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Royal BC Museum launches online collection connecting the world to “100 Objects of Interest” from BC
From more than seven million objects in the Royal BC Museum’s galleries, archival stacks and workrooms behind the scenes, curators, archivists and other expert staff have selected some of the most fascinating (and often seldom-seen) objects – what they are calling the “100 Objects of Interest”.
Starting today, these artifacts, specimens, archival records and works of art will be featured on the 100 Objects of Interest website, http://royalbcmuseum.bc.ca/100/. The website features a photo of each object and a brief description of its significance. The objects will rotate over time, as new items are uploaded to the site.
“Using technology to inspire and stimulate international research into our collections will strengthen our knowledge of them and open up new opportunities for collaboration,” said Prof. Jack Lohman, CEO of the Royal BC Museum. “Our focus on innovative digital projects like this is one reason we are so pleased to welcome Mark Palmer-Edgecumbe, Head of Diversity at Google, to our Board of Directors.”
The Royal BC Museum is embarking upon a number of web initiatives that allow greater access and interaction with the full scale of its collections, including the digitization of First World War diary entries and letters home by British Columbian soldiers to commemorate the 100th anniversary of the beginning of the Great War.
Some of the 100 Objects of Interest are well-known and hugely popular, such as John Lennon’s famous yellow psychedelic Rolls Royce Phantom V Touring Limousine, which wowed crowds at Expo 86. Some objects, like the Ground Mantid insect, are tiny and almost impossible to see in their home environment – in this case, the sandy grasslands in the extreme southern Okanagan Valley, a threatened and disappearing ecosystem. Many of the objects are never on public display.
Regardless of size or fame, each object has a compelling story and special connection to a place in British Columbia or period in our history. But not all of the 100 objects have entirely positive stories, noted Lohman.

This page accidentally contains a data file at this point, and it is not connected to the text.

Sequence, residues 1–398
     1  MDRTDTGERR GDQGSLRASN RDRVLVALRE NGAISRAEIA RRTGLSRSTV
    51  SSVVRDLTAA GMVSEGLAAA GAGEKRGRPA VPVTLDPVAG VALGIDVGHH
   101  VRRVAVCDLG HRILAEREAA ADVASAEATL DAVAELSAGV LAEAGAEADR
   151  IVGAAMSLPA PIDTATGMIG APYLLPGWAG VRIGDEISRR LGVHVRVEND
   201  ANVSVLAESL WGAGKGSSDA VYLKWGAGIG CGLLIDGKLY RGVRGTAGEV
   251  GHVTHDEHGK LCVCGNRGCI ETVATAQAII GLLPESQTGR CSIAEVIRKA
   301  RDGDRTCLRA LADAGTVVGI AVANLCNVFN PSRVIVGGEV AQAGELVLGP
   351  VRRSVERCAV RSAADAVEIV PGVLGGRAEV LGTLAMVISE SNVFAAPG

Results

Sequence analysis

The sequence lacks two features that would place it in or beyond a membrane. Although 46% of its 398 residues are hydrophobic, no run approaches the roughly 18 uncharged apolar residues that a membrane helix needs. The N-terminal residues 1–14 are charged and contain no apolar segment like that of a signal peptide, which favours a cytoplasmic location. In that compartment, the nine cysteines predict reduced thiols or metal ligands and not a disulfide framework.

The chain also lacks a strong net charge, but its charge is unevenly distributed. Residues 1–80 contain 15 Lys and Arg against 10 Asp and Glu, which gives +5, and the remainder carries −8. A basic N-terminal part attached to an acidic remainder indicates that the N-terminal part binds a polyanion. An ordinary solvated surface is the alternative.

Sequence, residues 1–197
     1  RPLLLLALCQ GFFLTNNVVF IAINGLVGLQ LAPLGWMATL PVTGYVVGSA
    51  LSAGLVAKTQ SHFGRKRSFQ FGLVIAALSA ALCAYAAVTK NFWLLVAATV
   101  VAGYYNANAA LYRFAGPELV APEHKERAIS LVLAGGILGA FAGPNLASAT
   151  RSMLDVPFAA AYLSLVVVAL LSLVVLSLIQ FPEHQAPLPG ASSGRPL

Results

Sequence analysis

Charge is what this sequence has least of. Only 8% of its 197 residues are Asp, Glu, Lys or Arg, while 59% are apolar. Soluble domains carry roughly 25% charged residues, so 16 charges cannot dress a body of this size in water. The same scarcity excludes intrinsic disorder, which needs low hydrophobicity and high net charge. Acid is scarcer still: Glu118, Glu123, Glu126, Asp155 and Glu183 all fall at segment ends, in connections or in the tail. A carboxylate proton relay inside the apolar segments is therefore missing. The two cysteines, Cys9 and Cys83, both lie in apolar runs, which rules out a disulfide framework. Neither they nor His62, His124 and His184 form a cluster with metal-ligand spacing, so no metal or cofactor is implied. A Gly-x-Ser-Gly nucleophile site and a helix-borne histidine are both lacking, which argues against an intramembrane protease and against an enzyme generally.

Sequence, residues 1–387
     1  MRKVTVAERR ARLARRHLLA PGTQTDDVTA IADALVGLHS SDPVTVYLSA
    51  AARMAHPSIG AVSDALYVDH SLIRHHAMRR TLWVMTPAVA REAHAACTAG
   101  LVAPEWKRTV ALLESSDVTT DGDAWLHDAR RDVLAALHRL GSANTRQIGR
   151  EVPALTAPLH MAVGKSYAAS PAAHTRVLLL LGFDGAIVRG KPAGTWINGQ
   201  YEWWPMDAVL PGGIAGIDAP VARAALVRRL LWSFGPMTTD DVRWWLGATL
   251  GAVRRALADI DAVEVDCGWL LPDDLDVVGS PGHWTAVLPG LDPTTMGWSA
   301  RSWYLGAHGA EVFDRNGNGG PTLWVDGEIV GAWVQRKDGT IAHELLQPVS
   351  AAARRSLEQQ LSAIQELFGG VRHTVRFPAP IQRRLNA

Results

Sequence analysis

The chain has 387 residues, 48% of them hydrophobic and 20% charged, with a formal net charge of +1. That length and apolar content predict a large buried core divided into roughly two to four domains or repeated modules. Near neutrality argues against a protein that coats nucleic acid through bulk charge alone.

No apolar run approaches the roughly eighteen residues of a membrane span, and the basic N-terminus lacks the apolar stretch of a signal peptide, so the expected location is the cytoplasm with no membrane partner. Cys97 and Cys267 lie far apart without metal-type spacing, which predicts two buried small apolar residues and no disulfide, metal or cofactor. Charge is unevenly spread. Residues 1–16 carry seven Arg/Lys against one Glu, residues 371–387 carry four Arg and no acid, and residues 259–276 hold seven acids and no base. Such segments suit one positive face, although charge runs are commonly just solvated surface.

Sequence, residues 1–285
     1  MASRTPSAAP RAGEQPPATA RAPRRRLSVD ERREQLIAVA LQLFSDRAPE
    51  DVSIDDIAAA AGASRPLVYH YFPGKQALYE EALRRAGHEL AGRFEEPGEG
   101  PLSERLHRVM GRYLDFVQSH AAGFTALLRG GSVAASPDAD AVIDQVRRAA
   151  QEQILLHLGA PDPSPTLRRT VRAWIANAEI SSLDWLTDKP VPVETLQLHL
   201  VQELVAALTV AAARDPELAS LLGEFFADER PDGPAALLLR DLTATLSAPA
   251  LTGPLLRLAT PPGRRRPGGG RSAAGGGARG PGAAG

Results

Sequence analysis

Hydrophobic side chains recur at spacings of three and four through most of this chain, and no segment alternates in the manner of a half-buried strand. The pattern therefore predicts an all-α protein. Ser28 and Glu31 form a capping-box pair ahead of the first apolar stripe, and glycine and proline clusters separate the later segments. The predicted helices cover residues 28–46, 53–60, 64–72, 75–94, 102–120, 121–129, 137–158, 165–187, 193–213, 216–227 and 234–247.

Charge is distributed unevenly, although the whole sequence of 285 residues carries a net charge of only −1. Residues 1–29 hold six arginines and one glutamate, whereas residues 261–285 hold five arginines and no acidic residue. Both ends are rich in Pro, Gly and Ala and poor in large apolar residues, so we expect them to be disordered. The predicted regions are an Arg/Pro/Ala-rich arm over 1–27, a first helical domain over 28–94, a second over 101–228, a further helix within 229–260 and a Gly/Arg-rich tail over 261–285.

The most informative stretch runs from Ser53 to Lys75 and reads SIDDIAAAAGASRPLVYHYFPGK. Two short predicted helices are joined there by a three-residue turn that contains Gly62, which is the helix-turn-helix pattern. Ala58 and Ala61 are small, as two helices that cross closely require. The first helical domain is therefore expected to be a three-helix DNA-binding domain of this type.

Some reflect the pains of our provincial history, like the silk kimono originally owned by a Japanese-Canadian woman interned during the Second World War. Other objects, like the Humboldt Squid, were selected because its recent presence on local shores hints at the repercussions of climate change and the fluid nature of what comprises “British Columbian” fauna.
But other objects were chosen because they represent and celebrate British Columbia’s complex history, natural abundance or rich cultural heritage; in fact, several works of Emily Carr in this collection satisfy all three criteria. From “Kispiox Village (1912) to “Sombreness Sunlit” (1938-1940), viewers can see how Carr’s preoccupation with First Nations life and the spiritual power of the West Coast forest never wavered, even as her technical skills and painting style evolved.
“While some people will be intimately familiar with the works of Emily Carr within the Royal BC Museum, others will be astounded by the range and sheer number of her works in our care,” said Don Bourdon, the Royal BC Museum’s Curator of Images and Paintings. “It is our duty to reach new audiences and share Carr’s works of art and writings through online exhibits.”
In recognition of the immense cultural, political and historical impact of First Nations peoples on British Columbia, 24 of the objects are First Nations artifacts or artwork, both ceremonial and contemporary. One object sheds light on a surprising interaction in British Columbia history from a First Nation’s perspective: the Tla-o-qui-aht mask, attributed to a carver named Atlieu, capturing in stark, startled detail the surprise of a white man’s face upon learning of the extent of a chief’s territories.
The shortlist of 100 was made subjectively, but each object speaks to the living landscapes and cultures of British Columbia. Seen collectively, they represent British Columbia’s range of ecosystems and climate, the province’s astonishing abundance of flora and fauna and the complex histories of the people who have settled here over millennia, sometimes clashing but working towards peaceful coexistence.
The development of the online collection was supported by the Francis Kermode Group, patrons who advance the work of the Royal BC Museum.
Report courtesy of Royal BC Museum.